When you go to the doctor because you just aren’t feeling that comfortable down there, or you just want a check-up and hear the words ‘you’ve got syphilis’, it’s likely you reach panic mode very quickly.

After hitting panic, your next thought is likely, ‘how do I fix it?’

Luckily, azithromycin (penicillin) was invented about a century ago, and it’s been somewhat effective in treating syphilis.

However, researchers are saying there are more than 10 million new cases of syphilis each year due to a new strain of the virus, called SS14-Ω.

As a result, scientists from the University of Zurich in Switzerland have analysed bacteria from this disease strain to help determine why it has become resistant to penicillin. Publishing their results in the journal, Nature: Microbiology, the researchers have identified that this strain of syphilis dates back to the 1700’s, and came back with a vengeance in the 1950’s, and now, it is back again in 2016.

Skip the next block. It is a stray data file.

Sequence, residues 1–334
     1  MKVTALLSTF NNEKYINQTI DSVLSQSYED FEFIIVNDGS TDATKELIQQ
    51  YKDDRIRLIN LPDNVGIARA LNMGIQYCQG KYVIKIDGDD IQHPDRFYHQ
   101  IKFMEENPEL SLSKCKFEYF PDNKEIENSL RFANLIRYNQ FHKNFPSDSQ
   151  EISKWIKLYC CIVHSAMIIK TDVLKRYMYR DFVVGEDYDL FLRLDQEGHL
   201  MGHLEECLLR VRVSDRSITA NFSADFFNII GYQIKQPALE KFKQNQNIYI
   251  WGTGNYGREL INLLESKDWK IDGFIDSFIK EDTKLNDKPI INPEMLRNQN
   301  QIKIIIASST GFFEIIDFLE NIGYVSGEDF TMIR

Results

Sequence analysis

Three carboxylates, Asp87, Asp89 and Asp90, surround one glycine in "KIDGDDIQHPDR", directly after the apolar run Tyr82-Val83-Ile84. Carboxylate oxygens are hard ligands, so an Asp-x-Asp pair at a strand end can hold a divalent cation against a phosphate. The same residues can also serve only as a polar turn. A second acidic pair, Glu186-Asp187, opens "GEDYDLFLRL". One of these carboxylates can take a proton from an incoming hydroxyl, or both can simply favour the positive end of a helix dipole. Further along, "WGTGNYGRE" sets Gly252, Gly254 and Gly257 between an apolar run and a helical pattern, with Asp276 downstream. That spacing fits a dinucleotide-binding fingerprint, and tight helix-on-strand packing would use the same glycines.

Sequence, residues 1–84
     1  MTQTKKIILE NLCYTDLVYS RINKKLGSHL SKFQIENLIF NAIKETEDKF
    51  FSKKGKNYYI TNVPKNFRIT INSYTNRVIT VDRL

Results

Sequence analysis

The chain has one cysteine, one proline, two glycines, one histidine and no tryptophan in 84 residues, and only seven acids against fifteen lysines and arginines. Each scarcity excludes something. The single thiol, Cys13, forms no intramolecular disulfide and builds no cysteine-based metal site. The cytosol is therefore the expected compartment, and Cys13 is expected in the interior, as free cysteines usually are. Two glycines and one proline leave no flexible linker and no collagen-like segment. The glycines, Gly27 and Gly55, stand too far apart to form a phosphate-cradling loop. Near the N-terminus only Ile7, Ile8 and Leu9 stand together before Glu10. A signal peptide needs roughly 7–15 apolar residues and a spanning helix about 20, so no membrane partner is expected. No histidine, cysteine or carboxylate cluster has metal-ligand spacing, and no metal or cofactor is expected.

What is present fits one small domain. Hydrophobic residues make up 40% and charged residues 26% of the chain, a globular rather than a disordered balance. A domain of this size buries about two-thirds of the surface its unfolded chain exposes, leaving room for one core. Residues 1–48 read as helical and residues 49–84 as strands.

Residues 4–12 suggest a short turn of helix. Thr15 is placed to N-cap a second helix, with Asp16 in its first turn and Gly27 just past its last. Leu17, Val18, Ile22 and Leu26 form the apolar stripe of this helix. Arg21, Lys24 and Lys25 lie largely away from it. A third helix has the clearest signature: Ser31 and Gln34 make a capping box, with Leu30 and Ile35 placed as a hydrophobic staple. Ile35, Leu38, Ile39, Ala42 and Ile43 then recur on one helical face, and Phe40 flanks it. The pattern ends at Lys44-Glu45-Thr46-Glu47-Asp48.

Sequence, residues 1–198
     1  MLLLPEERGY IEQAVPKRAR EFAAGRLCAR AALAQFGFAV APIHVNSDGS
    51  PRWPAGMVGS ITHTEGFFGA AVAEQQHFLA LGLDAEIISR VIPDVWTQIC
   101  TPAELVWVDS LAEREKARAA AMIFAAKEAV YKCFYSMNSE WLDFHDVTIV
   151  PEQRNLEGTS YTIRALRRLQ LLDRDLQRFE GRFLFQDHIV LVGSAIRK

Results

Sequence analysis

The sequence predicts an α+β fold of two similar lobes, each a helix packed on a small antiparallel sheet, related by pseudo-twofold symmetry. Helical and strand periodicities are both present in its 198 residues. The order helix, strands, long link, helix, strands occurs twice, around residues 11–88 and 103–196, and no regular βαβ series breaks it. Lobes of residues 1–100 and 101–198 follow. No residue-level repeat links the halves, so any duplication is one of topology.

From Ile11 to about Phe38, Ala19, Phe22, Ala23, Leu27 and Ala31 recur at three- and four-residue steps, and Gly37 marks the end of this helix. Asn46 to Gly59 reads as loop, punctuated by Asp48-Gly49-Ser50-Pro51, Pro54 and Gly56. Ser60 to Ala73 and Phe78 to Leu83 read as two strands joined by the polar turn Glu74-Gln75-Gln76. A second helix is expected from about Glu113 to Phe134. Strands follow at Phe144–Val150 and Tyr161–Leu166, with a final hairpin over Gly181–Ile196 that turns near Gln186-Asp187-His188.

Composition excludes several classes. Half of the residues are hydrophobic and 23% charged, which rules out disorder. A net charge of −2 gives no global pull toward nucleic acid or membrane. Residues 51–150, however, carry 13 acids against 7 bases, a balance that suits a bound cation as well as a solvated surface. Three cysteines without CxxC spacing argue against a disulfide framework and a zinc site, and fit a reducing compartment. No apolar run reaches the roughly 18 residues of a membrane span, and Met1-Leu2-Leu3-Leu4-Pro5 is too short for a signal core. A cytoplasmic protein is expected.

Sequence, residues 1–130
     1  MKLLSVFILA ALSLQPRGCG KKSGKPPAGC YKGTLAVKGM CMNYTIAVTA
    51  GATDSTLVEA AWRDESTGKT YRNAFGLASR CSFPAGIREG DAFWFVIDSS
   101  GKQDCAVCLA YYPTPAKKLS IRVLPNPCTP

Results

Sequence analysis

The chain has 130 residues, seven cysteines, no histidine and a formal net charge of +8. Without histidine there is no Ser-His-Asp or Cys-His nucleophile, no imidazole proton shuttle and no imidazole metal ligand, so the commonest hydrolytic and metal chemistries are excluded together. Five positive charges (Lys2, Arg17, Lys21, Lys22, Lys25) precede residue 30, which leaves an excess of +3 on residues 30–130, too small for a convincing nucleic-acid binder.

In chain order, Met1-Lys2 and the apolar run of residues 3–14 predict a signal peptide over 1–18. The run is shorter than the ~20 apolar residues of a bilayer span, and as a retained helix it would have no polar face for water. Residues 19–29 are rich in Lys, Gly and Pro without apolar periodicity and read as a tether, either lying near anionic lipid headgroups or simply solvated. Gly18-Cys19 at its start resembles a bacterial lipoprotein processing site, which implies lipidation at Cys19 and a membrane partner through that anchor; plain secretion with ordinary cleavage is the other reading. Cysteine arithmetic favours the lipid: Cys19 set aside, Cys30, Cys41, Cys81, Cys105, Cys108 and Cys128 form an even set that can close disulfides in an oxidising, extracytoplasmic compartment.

Should we be worried?

Associate Professor Sanjaya Senanayake from the Australian National University, Canberra says this new research isn’t something to be alarmed about.

“The rates of syphilis have been increasing in Australia for the last five years or so,” said A/Prof Senanayake.

“Primary syphilis causes a painless ulcer on the genitals, which may be missed; so people need to be vigilant and sexually active people should get screened periodically for it,” A/Prof Senanayake.

A/Prof Senanayake says the comeback of this disease isn’t one to be alarmed about as long as the penicillin- resistant strain doesn’t develop.

Who do we blame for this disease?

Unfortunately, you can’t play the blame game for this one as no one is sure of when SS14-Ω was introduced to Europe.

The research has identified that the disease swept through Europe in the 1700’s and then had mutated when it hit again in the 1950’s.

“No one is quite sure how long it has been in Europe. Some say that Columbus brought it back to Europe from the Americas while others say that it had been circulating in Europe for a long time before that without being recognised,” said A/Prof Senanayake.

So, if you’re worried, your best move would be to head to your local GP and get checked out.